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Monday, July 29, 2013

Six Non-Dairy Milk Alternatives

Manisha Vaidya

By Manisha Vaidya, MS, RD, LD

1.  ALMOND: often lower in calories and sugar than other milk alternatives, it is high in vitamin E and low in protein.

2.  SOY: thicker than other non-dairy milk alternatives, it has been the most protein to non-dairy milks and is good as a creamer in coffee.

3.  COCONUT: made of coconut “meat” blended with water. It has a higher fat content than other non-dairy milk alternatives and contains some saturated fat. Coconut beverage in a carton is best for drinking while the canned version is richer and good for making curries.

4.  OAT: provides fiber and iron, but is low in protein. It contains phytochemicals, which may help prevent heart disease.

5.  HEMP: made of soaked hemp seeds ground with water and contains omega -3 fats. This milk alternative is good in baked goods because it doesn’t have an obtrusive flavor.

6.  RICE: cholesterol–free and good for people with nut or soy allergies, but it is low in protein and high in carbohydrates when compared to other non-dairy milks. It is generally the thinnest non-dairy milk.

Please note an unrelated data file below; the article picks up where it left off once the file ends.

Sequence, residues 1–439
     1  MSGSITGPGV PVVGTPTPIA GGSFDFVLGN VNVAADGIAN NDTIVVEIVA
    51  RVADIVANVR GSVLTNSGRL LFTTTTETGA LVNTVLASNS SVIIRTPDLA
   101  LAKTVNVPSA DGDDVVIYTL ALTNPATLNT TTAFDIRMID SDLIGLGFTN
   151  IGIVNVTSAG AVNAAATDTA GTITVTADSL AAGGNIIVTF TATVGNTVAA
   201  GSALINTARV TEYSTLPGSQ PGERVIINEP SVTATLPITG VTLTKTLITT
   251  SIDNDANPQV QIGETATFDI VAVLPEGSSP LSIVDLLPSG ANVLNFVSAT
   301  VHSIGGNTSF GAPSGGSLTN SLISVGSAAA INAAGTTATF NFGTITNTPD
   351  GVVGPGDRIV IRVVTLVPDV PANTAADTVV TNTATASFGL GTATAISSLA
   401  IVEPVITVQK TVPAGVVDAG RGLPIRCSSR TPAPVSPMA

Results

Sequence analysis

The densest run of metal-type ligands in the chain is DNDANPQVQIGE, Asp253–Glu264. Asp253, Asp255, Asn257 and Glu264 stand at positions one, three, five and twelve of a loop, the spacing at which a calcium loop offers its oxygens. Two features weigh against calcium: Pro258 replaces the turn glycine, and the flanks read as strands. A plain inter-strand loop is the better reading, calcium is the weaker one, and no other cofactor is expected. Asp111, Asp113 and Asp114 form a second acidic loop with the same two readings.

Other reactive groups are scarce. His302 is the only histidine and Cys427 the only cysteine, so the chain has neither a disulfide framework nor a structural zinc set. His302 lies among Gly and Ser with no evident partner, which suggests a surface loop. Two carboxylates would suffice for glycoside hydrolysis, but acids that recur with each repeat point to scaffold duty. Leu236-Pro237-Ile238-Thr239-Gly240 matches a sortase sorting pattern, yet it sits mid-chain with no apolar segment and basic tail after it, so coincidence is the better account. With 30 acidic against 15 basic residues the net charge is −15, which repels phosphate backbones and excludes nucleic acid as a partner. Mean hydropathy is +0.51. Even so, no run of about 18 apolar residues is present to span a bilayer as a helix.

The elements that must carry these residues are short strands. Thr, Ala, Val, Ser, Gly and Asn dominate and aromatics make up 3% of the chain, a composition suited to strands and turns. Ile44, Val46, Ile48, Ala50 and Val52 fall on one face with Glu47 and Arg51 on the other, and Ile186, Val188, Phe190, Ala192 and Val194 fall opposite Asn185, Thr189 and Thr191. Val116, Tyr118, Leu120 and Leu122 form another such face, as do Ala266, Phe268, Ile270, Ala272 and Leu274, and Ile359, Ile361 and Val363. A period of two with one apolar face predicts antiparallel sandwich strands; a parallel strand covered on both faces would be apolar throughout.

Tips for incorporating non-dairy milk alternatives into a diet include:

  • Substitute non-dairy milk cup for cup in recipes.
  • Make non-dairy buttermilk by adding a tablespoon of vinegar or lemon juice to a cup of non-dairy beverage. Let it sit for a few minutes.
  • Choose “unsweetened “or “plain” varieties of milk alternatives for savory dishes.
  • Don’t freeze non-dairy milk.
  • Look out for carrageenan: Some people are sensitive to this seaweed-based thickener and stabilizer sometimes used in non-dairy beverages. Also be aware of added sugars.
  • Shake non-dairy beverages before serving as some of the solids (and nutrients) settle at the bottom.
 
Reference: Food and Nutrition Magazine: July/August 2013. Author Erin Sund, Food and Nutrition Magazine’s assistant managing editor.  
 
By Manisha U. Vaidya, MS, RD, LD
Manisha Vaidya, MS, RD, LD - Mrs. Vaidya is a Registered Dietitian (RD) with the UAB hospital. She coordinates nutritional assessment, re-assessment, diet education and plan of care for Bone Marrow Transplant, Hematology-Oncology and Geriatric unit patients. She is responsible for follow up with food preferences, patient care, calorie counts and diet education for cancer patients. Mrs. Vaidya can be reached at .(JavaScript must be enabled to view this email address).

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